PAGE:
Real Estate Marketing Academy

[Video] Marketing Academy Secrets: How to Use Twitter to Build Your Brand

By Seth Price


In episode 16 of Marketing Academy Secrets, we show you how to use Twitter to engage prospective clients and position yourself as a thought leader.

Establishing yourself as a subject matter expert is super critical with social media. Twitter is a fantastic platform to make that happen. With 200 million active users, there’s an opportunity to focus on your local market and to really be helpful to folks who are asking questions around real estate.

When thinking about building a Twitter audience, most people start by following other professionals in their field. And I’d say that might be helpful, especially for referrals. But what’s really important is that you live in a community and there are leaders in that community and some of those leaders are online on Twitter. Those are the folks who you want to follow because that’s the conversation where your expertise is really going to be helpful.

Once you create a list of folks to follow (from the mayor to the comptroller to the head of the PTA…folks who are really invested in your community), then you need to start tweeting and retweeting their content and commenting on things that are relevant and important to you. That latter part is a key factor, because if you’re commenting and it’s not really important to you, that’s going to translate in those 140 characters.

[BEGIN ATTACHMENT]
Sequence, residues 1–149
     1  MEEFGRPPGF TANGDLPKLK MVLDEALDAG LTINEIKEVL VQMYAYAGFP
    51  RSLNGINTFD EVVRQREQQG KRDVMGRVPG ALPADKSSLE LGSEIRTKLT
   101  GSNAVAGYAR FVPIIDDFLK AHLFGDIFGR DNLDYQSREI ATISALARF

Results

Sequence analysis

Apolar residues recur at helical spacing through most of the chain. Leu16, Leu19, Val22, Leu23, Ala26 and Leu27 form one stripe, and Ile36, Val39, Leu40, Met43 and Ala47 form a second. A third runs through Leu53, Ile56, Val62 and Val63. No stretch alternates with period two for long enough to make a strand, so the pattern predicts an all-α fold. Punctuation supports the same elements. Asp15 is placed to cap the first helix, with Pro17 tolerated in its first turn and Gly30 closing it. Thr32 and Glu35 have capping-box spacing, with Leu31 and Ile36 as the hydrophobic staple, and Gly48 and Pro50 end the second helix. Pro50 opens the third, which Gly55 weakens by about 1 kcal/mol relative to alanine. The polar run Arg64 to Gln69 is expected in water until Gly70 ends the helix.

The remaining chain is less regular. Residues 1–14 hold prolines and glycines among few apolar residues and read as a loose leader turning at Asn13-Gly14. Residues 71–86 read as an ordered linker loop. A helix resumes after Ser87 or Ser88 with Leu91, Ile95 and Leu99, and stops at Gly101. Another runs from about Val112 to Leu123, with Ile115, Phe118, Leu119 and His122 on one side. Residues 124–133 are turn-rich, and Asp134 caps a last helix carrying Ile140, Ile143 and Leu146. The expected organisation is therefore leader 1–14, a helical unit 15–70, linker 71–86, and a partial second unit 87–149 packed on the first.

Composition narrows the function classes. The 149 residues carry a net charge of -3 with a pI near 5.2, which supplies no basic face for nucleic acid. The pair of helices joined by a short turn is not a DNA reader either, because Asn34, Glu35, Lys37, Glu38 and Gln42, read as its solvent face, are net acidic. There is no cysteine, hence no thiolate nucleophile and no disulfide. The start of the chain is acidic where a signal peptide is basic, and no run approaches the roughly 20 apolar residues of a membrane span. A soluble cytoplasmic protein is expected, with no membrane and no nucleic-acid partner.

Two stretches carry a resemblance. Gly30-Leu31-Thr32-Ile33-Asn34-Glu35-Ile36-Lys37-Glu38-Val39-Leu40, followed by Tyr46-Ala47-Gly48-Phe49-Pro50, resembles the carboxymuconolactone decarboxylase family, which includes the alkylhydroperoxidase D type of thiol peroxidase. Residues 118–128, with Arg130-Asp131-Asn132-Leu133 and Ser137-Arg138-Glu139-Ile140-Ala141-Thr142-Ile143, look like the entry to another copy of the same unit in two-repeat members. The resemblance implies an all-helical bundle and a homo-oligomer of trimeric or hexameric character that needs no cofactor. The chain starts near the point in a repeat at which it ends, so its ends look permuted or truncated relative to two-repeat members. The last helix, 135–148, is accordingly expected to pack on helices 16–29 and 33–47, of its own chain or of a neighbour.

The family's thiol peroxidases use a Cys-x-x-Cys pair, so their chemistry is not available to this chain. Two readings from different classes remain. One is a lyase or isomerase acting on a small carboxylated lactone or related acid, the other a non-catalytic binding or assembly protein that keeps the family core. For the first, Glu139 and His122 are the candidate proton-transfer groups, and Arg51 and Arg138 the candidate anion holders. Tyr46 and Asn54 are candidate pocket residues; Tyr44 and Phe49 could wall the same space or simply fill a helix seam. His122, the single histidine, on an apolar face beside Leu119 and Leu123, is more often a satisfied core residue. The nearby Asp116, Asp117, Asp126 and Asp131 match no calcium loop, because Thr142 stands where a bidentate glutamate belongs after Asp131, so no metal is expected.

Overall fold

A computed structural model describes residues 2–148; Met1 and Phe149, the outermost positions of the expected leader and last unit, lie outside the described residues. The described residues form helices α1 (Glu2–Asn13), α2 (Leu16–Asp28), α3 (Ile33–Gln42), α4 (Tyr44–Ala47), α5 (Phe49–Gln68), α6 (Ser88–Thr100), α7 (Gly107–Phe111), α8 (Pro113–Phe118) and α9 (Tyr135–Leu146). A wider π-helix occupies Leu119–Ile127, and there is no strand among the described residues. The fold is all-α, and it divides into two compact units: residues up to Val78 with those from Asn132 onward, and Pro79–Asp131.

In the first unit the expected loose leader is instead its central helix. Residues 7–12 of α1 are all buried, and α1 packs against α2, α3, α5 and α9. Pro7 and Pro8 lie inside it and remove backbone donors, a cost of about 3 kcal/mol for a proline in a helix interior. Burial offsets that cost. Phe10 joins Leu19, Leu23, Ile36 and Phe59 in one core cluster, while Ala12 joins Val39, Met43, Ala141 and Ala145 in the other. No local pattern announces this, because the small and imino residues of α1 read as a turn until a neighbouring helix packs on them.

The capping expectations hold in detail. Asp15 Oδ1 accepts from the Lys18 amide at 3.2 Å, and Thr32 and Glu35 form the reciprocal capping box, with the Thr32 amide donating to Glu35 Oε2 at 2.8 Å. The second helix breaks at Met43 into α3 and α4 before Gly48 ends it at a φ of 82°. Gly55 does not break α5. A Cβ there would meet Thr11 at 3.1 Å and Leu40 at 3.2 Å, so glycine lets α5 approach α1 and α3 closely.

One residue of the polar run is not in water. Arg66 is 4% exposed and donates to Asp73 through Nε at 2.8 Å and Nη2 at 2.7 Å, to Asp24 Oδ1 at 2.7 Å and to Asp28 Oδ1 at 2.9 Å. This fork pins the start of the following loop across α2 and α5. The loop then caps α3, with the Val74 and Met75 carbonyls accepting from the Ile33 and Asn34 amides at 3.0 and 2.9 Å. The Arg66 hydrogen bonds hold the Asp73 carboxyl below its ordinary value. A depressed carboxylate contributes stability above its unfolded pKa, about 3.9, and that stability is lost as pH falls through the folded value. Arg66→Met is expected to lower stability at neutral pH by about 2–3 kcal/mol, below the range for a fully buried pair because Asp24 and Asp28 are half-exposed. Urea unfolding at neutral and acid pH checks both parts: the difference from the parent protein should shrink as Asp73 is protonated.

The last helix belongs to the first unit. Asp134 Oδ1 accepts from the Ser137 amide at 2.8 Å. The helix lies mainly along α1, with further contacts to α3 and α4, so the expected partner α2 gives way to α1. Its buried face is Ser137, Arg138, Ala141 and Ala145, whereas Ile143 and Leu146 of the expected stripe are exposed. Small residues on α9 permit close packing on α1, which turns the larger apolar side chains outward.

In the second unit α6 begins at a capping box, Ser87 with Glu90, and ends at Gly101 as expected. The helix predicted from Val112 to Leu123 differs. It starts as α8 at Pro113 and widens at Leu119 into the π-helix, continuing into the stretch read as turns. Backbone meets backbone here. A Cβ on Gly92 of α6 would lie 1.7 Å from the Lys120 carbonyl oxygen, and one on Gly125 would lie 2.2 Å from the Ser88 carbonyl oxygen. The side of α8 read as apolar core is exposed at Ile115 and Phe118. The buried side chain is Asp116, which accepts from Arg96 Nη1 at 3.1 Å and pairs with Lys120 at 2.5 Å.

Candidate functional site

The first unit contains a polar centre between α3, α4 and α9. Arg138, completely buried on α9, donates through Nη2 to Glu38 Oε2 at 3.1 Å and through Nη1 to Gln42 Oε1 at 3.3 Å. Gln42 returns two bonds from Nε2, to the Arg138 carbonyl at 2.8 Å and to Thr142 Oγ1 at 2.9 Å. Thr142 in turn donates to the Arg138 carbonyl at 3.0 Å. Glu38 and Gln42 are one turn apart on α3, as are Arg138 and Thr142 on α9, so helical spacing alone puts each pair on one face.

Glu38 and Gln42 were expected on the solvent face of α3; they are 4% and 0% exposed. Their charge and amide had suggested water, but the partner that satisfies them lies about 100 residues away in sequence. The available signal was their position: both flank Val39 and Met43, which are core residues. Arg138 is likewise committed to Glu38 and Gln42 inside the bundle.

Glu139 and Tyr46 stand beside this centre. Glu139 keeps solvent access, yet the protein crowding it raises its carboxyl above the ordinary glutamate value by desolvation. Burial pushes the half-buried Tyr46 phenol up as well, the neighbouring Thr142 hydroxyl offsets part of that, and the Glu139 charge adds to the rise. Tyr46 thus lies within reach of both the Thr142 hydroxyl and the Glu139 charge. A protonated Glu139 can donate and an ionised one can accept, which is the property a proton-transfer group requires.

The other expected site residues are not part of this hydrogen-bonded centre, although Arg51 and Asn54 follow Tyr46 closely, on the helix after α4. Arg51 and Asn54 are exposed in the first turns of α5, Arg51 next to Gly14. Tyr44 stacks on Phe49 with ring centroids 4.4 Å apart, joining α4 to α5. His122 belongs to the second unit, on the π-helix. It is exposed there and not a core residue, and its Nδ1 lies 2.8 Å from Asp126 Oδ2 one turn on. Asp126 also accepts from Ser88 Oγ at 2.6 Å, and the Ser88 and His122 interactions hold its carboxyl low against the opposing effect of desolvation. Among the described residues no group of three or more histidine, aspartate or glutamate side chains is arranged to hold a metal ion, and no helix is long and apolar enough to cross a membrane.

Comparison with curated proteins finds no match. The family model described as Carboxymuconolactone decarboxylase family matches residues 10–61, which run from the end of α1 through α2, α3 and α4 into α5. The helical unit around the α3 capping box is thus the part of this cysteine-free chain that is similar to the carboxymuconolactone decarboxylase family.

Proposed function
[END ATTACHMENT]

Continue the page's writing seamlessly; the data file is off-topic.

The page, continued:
The next thing you want to do is conduct some keyword searches. They should be focused around things where you have expertise. So whether that’s finding a mortgage or buying a house or neighborhoods, there are keyword phrases that people are actually typing into Twitter and asking questions about. What you’d like to do is answer those questions for them online. Most folks who use Twitter on a daily basis do a combination of two things. They share things a lot (and ideally what they’re sharing is relevant to their following and they also answer questions that people are asking. You want to make sure that you’re dividing your time equally between sharing content that’s relevant (so, curating content or sharing content that you create yourself) and answering questions without selling. And I think “without selling” is a key point. If someone asks the question, “What’s it like to live in Cambridge, MA?”, you want to make sure that you don’t go in for the kill for that sale. You want to answer with something that’s useful about living in Cambridge, whether that has to do with the schools or the parks or the availability of properties. Any of those things that might be interesting to a friend, that’s how you want to treat that relationship.

The other thing you want to think about is how you phrase your tweets. You get 140 characters. Mentioning folks in tweets and using hashtags is super helpful for growing an audience and helping your tweets get discovered. Also, keep in mind that tweets that have fewer than 110 characters are more likely to be responded to and retweeted. Using few characters gives the responder space in the tweet to type something else that’s really interesting.

Some final thoughts: Take your time, don’t go crazy on this, but make sure that you’re consistent with your efforts. If you’re just going to do it once every three weeks, you probably shouldn’t start with Twitter. But if you’re going to commit to this as a platform for you to build an audience, give it some time. Give it at least three months of consistent effort, read everything you can find, make sure that you practice on a daily basis and it will become part of your arsenal for building relationships and building your brand.

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